6. Pinterest: this is a social photo and image sharing site that is organized as an online updatable bulletin board. Businesses that have visually striking content to share use this and similar online social media sites to share it. Pinterest first went live in 2009 and this site supports static photos and other image presentations, videos, discussions and even distribution points for gifts and rewards for viewers. And items that are pinned to one account’s board can be repined on other boards by visitors too, just as Titter messages: tweets can be retweeted and more widely shared by others – allowing these points of content an opportunity to go viral.
7. Ryze: this is a social networking site for business professionals that holds particular interest for entrepreneurs. Founded in 2001, this site has a global reach that includes more than half a million members, and over a thousand organizations host their own networks through Ryze as well. The CEO of Ryze is Adrian Scott, a founding investor of Napster among other enterprises.
8. Talkbiznow: a web-based social media site that has come to be an actively engaging online business community, and particularly for small and growing businesses and for the professionals who would seek them out. This supports social networking with free online profile support and networking outreach and response support, just as are supported by Facebook and LinkedIn. In this, Talkbiznow social networking resources focus in on a more specific target audience, even if larger businesses and recruiters can join and participate too.
9. Affluence: this is a site for investors and for both would-be angel investors and for venture capitalists. And perspective members have to meet this site’s net-worth criteria in order to be allowed in. If Talkbiznow is for the more entrepreneurial and for small businesses including startups and early stage businesses, this is for the investors that they might wish to meet and work with.
10. And finally Quora (with this link leading to their About page): this is a resource where you can ask questions to a globally connected audience that has preselected itself for an interest in posing and responding to questions and to sharing business knowledge and insight. This site was founded because LinkedIn had an immensely popular Answers feature where members could ask either just their own direct connections or a wider LinkedIn community questions and other members could then answer them. And both questions and answers were searchable and answers posted were rated by members of the LinkedIn community as to the value they offered. (Yes, I used to respond to questions that had been posted on that part of the LinkedIn site too.)

With that, I have at least offered a partial and I add very incomplete list of business-supportive if not necessarily entirely business-oriented social media resources (e.g. Facebook, which is an “also business oriented” resource rather than a primarily business oriented one like LinkedIn, Ryze or Talkbiznow.) Virtually any business of any type that you would do business with, is going to have an active presence on at least some of these sites, and particularly among the first five listed. Research any business online that you would seek work with, and either long-term or as a consultant and shorter-term and find where they actively connect through online social media – and if you find new additions to the above starter list that interest you and that you find of value, which you probably will, pursue them as social media resources and as sources of business intelligence too.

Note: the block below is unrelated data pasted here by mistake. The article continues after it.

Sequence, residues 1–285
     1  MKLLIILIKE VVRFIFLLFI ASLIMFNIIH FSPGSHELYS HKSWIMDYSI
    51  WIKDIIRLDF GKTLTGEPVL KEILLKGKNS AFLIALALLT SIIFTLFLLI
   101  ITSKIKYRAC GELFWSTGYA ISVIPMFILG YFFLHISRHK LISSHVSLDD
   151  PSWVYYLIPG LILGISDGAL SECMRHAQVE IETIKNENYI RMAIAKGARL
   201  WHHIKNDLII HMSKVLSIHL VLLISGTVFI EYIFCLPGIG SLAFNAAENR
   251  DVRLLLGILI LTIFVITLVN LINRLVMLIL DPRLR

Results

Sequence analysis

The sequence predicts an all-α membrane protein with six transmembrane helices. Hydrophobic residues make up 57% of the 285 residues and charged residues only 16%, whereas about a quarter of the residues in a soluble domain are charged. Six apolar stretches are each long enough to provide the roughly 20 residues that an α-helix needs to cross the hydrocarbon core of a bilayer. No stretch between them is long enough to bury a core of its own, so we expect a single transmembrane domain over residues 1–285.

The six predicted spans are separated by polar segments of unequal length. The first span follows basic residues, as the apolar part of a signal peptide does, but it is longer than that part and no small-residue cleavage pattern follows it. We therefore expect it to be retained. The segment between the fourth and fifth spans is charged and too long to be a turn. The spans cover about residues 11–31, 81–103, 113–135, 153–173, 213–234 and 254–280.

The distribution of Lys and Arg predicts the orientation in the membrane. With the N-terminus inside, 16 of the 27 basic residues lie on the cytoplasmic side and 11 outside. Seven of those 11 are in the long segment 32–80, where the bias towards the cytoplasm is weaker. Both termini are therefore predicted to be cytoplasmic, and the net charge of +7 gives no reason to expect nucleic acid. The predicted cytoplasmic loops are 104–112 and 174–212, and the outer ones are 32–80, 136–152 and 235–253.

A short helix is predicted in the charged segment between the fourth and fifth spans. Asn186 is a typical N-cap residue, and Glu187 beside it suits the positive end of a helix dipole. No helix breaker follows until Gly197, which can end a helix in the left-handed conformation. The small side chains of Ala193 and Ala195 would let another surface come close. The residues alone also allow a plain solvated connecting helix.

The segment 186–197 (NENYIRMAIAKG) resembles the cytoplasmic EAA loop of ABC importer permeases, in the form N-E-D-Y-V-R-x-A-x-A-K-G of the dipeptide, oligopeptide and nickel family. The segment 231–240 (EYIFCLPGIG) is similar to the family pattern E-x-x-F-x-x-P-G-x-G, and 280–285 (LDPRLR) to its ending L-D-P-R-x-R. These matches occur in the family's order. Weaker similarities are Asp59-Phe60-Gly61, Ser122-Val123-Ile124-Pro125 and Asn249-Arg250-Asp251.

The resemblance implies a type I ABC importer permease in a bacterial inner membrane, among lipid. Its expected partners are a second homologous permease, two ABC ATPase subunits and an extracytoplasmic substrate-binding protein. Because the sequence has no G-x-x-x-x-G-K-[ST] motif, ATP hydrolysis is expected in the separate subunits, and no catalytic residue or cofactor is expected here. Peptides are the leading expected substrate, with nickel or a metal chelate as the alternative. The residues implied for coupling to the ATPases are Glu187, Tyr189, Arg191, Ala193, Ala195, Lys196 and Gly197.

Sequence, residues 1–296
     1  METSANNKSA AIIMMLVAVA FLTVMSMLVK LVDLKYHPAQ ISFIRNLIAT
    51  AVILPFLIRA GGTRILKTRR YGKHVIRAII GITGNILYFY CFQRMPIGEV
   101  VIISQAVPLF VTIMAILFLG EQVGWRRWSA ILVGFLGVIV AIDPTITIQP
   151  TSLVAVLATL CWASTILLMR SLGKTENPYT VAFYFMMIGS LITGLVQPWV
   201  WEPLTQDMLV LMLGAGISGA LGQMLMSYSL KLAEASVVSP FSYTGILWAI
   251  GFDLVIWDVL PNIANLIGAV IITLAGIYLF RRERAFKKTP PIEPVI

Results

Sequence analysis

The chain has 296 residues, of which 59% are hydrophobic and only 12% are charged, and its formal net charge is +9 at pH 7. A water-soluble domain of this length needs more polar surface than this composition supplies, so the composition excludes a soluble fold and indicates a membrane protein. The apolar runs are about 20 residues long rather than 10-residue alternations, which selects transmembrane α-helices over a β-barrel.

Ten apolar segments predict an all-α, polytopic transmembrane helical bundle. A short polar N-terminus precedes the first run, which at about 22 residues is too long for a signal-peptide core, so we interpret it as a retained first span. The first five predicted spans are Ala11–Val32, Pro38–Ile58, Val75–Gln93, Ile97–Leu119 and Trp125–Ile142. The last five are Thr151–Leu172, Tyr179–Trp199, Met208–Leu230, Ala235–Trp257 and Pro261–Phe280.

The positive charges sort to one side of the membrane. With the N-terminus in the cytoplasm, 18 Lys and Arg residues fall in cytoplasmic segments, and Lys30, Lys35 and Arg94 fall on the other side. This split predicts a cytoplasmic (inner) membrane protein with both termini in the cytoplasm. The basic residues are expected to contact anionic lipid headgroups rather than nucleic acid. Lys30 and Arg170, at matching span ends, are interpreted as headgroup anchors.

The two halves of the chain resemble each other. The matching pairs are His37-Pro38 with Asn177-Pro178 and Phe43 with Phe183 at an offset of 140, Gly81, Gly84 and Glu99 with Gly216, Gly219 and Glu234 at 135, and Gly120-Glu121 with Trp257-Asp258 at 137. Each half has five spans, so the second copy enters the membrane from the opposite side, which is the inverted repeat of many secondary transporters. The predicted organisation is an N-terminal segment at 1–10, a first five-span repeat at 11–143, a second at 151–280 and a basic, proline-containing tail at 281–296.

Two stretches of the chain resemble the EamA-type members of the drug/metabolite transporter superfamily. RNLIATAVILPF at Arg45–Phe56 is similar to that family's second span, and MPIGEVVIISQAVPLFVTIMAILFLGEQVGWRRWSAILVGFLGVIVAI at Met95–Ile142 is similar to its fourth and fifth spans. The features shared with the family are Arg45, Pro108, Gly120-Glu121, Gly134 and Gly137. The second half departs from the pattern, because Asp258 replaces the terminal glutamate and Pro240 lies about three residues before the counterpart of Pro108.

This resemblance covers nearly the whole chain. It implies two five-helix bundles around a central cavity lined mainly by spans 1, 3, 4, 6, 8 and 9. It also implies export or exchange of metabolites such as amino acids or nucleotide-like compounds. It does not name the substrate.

I stated at the end of Part 3 that after listing and discussing a wider range of specifically social media resources, I would more fully discuss actually mining them for business intelligence insight. I will do that in my next series installment. And after that, as a by now repeatedly stated promise, I will discuss the two way window quality of social media, and the positives and negatives of “what we ourselves say as to who we are and what we offer as a potential employee in our own jobs and careers initiatives.” And I will discuss the issues of how we shape our message and the impact that this can and increasingly does have in any job search or career development effort. And yes, I will still continue working on the to-address list of points first raised in Part 1 of this series too.

Meanwhile, you can find this and related postings at my Guide to Effective Job Search and Career Development – 3 and at the first directory page and second, continuation page to this Guide. And you can find this and related material at Social Networking and Business and its continuation page too.

Addendum note added on May 20, 2015: Anyone familiar with the range of online resources available out there for researching businesses has probably noted some significant gaps in my above list. I do not for example include the Better Business Bureau. Look into businesses of interest there, of course and certainly for businesses in the United States, Canada and Mexico. But I have to add that I have found the value of this site to have diminished as a source of insight so I personally am much less likely to turn to it when researching possible sources of concern. But more importantly perhaps, and certainly for a job seeker, I have left out sites such as glassdoor.com. I will discuss that and related online resources in this series, for gathering in confidential information on salary ranges, employee reviews including employee complaints and other sensitive data. But I will do so after at least initially discussing reputations and reputation protection – which I will at least begin discussing in the context of what businesses can find out online about current and potential employees and others. So I note here that this gap is more temporary than anything else and I will add leaker sites to my toolset list that I began assembling here in this posting.